Here are some issues that should be pointed out:
We have heard, "..it took 6 months to succeed.."
The reality is it took 4 months to tackle obsticles found in any <200nm device such as:
- Capitance/loadÂ of probe needles when chip is running.
- Powering the device inside the chamber of a FIB workstation.
- Level-shifting a 1.8v core voltage following what we learned in #1 above.
- Cutting out metal layers without creating electrical shorts.
- Other more minute issues regarding the physical size of the die.
Upon overcoming the points above,Â the actual analysis required no more than approximatelyÂ 2 months time.Â Â
In addition, these techniques listed above apply to all devices in the <200nm category (SecureAVR, SmartMX, ST21, ST23).
Â We have heard, "..you said the Infineon SLE66 was the best device out there in the market.."
The Infineon SLE66PE is a very secure device however, it (as do it's competitors) all have their strengths and weaknesses.
Some examples of weaknesses are:
- Layout of all Infineon SLE50/66 'P' or 'PE' are very modular by design.
- Lack of penalty if active shield is opened.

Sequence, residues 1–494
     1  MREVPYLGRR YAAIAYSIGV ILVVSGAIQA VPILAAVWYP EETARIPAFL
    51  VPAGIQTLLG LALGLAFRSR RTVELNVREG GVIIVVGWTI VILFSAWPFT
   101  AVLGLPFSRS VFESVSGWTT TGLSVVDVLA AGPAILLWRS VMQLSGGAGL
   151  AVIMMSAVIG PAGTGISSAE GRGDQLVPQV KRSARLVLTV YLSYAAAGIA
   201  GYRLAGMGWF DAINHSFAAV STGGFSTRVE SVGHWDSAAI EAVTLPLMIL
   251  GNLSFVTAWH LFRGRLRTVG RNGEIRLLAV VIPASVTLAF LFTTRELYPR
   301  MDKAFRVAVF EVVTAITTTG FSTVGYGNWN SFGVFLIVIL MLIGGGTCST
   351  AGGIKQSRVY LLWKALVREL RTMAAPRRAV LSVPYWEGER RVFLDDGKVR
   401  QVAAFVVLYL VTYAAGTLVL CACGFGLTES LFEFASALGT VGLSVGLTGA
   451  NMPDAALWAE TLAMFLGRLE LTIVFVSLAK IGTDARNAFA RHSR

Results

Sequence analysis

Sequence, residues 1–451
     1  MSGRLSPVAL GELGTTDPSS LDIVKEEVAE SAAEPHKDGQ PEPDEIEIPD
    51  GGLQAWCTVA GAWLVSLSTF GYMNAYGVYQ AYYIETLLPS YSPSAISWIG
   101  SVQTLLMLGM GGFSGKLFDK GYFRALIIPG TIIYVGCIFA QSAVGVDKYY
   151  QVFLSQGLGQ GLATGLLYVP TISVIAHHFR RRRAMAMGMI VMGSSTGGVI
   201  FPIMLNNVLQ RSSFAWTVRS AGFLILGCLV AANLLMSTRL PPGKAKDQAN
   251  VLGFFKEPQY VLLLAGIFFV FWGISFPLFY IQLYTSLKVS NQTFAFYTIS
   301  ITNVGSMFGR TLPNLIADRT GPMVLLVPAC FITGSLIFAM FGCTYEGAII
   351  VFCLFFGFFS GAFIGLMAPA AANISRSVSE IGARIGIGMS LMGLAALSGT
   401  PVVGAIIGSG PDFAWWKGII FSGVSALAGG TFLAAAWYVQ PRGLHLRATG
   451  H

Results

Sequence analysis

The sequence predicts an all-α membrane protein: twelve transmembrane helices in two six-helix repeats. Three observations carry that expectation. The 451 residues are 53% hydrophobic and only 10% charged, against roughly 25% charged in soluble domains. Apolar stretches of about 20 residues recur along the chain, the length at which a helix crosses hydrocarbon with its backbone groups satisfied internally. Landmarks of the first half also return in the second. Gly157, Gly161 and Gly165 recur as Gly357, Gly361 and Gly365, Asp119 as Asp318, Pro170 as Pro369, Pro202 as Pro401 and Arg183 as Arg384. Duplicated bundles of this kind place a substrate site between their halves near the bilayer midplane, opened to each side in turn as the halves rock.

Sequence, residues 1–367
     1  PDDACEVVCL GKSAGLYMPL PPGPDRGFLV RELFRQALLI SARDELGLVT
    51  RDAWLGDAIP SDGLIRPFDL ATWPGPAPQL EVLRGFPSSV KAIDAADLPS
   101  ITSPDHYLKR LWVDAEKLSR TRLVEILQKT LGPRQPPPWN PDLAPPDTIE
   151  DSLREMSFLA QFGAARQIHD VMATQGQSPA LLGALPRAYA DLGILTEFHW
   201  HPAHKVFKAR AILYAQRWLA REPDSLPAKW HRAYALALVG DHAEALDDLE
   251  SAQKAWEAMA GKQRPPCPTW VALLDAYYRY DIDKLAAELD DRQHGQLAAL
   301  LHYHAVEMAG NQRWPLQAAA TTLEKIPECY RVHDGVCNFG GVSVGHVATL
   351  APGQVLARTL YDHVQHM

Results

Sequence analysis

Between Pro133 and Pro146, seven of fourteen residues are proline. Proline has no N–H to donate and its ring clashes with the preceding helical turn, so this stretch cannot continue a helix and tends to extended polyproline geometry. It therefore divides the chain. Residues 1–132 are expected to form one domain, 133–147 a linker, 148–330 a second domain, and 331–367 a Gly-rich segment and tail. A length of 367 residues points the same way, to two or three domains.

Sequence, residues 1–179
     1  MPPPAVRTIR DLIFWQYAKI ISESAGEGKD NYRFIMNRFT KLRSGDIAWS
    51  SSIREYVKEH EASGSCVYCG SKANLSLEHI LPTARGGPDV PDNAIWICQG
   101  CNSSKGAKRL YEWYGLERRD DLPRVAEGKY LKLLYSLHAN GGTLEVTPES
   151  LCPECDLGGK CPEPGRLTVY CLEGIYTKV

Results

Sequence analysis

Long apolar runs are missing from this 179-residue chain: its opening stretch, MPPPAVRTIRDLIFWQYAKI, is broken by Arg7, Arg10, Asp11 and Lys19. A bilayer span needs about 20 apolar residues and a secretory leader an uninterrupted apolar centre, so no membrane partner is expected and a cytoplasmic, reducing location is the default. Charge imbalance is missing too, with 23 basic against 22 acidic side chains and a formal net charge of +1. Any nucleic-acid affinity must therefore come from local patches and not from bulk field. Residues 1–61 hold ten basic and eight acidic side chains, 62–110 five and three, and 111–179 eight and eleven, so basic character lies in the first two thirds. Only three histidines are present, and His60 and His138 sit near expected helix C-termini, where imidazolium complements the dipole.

- Begin runtime from a CLEAR (unencrypted) ROM which is 'invisible' to the user.
- CPU core is based on a microcode/PLA type implementation.
- Power-on-reset always begins runningÂ from the externally supplied clock.
- Current design is based on a previous 600nm version designed around 1998.
- 3 metal layer design forÂ "areasÂ of interest"Â (4th layer is the active shield).
Some examples of strengths are:
- 'PE' family used bond-pads located up the middle of the device.
- ROMKey must be loaded before begin attacked (else you just see their clear ROM content).
- MED is quite powerful if used properly for EEPROM content.
- Mesh is consistent across the device and divided into sections.
- Auto-increment of memory base address.
- Mixing of physical vs. virtual address space for MED / memory fetch.
No device is perfect.Â All devices have room for improvement.Â Some things to consider when choosing a smartcard are:
- Does CPU ever run on external clock?
- What is the penalty for an active-shield breach?
- What is the fabrication process geometry?
- How many metal layers is the device?
- List of labs who mightÂ have evaluated this device and their capabilities.
Lastly, just because the device has been Common Criteria certified does not mean much to an attacker armed with current tools.Â This is a common-oversight.
There is an ST23 smartcard device which has recently been certified EAL-6+ and the device has an active-shield with almost 1 micron wide tracks and a 1-2 micron spacing!!!Â This makes a person scratch there head and say, "WTH????"
We have some new content to post soon on the blog.Â Be sure and tune in for that.Â We will tweet an alert as well.